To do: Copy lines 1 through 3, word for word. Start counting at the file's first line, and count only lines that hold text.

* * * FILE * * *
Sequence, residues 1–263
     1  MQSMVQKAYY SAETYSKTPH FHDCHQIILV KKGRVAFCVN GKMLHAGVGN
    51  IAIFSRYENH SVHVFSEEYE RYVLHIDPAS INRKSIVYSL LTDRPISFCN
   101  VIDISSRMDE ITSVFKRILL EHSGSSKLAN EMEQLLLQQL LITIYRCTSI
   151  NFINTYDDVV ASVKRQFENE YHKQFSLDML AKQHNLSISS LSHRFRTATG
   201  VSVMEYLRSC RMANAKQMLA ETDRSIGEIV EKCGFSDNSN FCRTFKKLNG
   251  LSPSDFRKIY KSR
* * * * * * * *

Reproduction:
Sequence, residues 1–263
     1  MQSMVQKAYY SAETYSKTPH FHDCHQIILV KKGRVAFCVN GKMLHAGVGN
    51  IAIFSRYENH SVHVFSEEYE RYVLHIDPAS INRKSIVYSL LTDRPISFCN